A message from your AFA Employee Assistance Program (EAP) Committee
Flight Attendants, both male and female, are not immune from the risks of violence, including sexual assaults. Consider the following statistics on rapes and attempted rapes from the Department of Justice:
- Every two and a half minutes, somewhere in America, someone is sexually assaulted.
- Most rapists are not a masked or unknown person. Approximately 70% of female victims and 74% of male victims know their assailant (i.e. friend, acquaintance etc.)
- Only one out of ten rapes involves the use of a weapon.
- 60% of rapes take place away from the victim’s home and most take place between the hours of 6:00 PM and 6:00 AM.
Physical force or the threat of physical force is the primary mode of victimization. This includes the use of drugs that renders the victim physically helpless and usually unable to remember what happened. These drugs are called “date rape drugs”. They often have no color, smell or taste and can be easily added to flavored drinks without the victim’s knowledge. Educate yourself on the use of these drugs and ways in which you can protect yourself, on and off the job. Below is some information to help you with this.
What are date rape drugs?
These are drugs that are sometimes use in facilitating a sexual assault. Sexual assault is any type of sexual activity that a person does not agree to. It can include inappropriate touching, sexual intercourse and attempted rape. The effects of these drugs render victims physically helpless, unable to refuse sex, and unable to remember what happened. The drugs often have no color smell or taste and are easily added to flavored drinks without the victim’s knowledge. There are at least three common date rape drugs. (Although we use the term “date rape,” most experts prefer the term drug facilitated sexual assault.”).
- GHB (gamma hydroxybutyric acid) is a drug used to treat narcolepsy. The drug can be in many forms including liquid, powder and pill.
- Rohypnol is a used for sleep disorders and as an anesthetic. It also comes in pill form.
- Ketamine is a drug used as an anesthetic for humans and mostly for animals. The drug is a white powder.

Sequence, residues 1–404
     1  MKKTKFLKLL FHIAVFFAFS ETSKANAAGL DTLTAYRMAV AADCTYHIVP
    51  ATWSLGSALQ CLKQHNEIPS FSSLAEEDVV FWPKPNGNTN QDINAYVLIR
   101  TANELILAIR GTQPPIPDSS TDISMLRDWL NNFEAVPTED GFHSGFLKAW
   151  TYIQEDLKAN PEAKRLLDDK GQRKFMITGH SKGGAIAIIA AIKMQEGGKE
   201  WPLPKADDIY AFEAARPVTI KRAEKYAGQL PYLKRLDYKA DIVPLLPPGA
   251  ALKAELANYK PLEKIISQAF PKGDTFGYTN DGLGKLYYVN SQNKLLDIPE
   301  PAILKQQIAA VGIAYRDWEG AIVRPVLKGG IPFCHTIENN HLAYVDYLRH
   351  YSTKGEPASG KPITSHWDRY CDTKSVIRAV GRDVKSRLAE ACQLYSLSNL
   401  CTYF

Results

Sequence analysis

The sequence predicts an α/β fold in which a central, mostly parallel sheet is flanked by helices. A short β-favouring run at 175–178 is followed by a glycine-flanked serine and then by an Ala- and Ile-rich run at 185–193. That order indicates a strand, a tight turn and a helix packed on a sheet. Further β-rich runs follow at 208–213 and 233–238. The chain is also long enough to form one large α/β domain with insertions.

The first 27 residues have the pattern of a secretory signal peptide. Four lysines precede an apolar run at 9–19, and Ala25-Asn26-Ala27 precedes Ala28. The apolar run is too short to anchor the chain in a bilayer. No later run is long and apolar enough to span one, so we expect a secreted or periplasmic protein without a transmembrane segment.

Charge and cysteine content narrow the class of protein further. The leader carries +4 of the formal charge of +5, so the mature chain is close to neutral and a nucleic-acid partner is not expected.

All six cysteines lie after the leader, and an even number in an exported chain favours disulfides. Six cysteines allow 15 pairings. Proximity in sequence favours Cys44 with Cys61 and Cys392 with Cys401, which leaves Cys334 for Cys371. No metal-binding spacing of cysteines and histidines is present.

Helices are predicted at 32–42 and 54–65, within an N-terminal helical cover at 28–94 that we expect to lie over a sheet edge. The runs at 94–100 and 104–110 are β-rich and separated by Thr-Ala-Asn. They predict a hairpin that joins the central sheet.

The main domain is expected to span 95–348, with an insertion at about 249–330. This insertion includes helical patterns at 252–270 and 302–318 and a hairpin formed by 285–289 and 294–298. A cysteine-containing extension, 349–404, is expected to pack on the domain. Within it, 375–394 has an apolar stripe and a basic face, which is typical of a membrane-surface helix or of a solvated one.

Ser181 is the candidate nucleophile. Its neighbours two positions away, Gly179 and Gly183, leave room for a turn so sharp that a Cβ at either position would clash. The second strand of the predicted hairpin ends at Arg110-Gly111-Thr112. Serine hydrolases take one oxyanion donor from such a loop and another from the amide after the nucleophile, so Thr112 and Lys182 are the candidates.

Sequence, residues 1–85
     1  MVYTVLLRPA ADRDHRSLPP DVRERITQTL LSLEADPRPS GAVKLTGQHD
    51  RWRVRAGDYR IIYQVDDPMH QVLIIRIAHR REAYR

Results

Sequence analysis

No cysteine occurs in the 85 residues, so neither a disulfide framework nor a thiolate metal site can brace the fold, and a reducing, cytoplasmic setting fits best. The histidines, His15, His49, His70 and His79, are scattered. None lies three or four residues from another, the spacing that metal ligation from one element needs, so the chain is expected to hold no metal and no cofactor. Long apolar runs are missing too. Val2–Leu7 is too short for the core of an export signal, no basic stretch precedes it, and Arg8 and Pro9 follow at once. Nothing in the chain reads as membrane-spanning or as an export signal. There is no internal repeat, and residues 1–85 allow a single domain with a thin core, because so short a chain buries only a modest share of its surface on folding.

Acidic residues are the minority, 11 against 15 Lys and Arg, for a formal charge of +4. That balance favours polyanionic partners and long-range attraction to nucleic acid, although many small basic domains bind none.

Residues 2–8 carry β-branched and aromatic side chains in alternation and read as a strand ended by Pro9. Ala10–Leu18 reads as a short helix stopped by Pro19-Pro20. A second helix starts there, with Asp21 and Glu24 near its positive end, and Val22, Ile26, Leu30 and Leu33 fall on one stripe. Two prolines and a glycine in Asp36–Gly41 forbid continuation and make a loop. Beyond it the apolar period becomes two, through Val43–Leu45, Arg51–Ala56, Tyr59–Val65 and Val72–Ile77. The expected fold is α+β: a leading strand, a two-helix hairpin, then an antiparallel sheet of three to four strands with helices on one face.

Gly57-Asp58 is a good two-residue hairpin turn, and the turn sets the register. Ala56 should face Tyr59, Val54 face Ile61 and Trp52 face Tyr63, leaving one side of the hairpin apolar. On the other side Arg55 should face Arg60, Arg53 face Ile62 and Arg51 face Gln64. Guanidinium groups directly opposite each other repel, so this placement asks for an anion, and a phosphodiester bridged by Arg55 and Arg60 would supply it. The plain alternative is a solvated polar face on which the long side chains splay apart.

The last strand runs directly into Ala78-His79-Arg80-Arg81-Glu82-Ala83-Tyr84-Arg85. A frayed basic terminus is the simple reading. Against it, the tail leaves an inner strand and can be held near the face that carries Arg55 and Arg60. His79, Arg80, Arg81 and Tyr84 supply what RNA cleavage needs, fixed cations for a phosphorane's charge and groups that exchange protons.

What effects do these drugs have on the body?
These drugs can affect you quickly. The length of time that the effects last varies. It depends on how much of the drug is taken and if the drug is mixed with other substances, like alcohol. Alcohol can expedite and worsen the drug’s effect. These drugs can cause relaxation, drowsiness, dizziness, unconsciousness, impaired motor function, memory problems, numbness, distorted perception of sight and sound, confusion, vomiting, even coma and death.
How can I protect myself ?
- Never leave your drink or food unattended, not even with a person whom you think you should be able to trust.
- Only order beverages that are brought to your table in sealed bottles.
- If you have a history of black-outs from drinking, you can never predict when one will occur. For your safety, consider ordering only non-alcoholic beverages.
- Should you find yourself awakening without any memory in a strange environment or situation, proceed immediately to the emergency room to be tested for the presence of a date rape drug and medically evaluated for a sexual assault.
- If you have a friend who passes out, do not let anyone take the unconscious person to her/his room. Instead, keep the person exactly where they are and insist that medical help be called.
Assistance available to you
Remember, confidential support and assistance is just a phone call away through your AFA EAP. Call anytime. AFA Alaska EAP can be reached at (949) 470-0493 or you can find contact information for your Local EAP Committee at http://afaalaska.org/eap. You can also contact the International AFA EAP Helpline at (800) 424-2406.